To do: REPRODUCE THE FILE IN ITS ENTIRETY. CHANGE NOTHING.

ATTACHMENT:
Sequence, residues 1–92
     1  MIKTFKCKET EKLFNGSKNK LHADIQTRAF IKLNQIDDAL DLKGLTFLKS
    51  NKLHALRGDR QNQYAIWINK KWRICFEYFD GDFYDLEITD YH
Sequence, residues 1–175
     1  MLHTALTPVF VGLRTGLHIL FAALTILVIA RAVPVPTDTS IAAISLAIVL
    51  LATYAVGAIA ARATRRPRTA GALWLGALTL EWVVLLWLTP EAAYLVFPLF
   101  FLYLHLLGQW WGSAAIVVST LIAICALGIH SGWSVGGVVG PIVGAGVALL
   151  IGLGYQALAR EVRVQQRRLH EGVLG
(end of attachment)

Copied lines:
Sequence, residues 1–92
     1  MIKTFKCKET EKLFNGSKNK LHADIQTRAF IKLNQIDDAL DLKGLTFLKS
    51  NKLHALRGDR QNQYAIWINK KWRICFEYFD GDFYDLEITD YH
Sequence, residues 1–175
     1  MLHTALTPVF VGLRTGLHIL FAALTILVIA RAVPVPTDTS IAAISLAIVL
    51  LATYAVGAIA ARATRRPRTA GALWLGALTL EWVVLLWLTP EAAYLVFPLF
   101  FLYLHLLGQW WGSAAIVVST LIAICALGIH SGWSVGGVVG PIVGAGVALL
   151  IGLGYQALAR EVRVQQRRLH EGVLG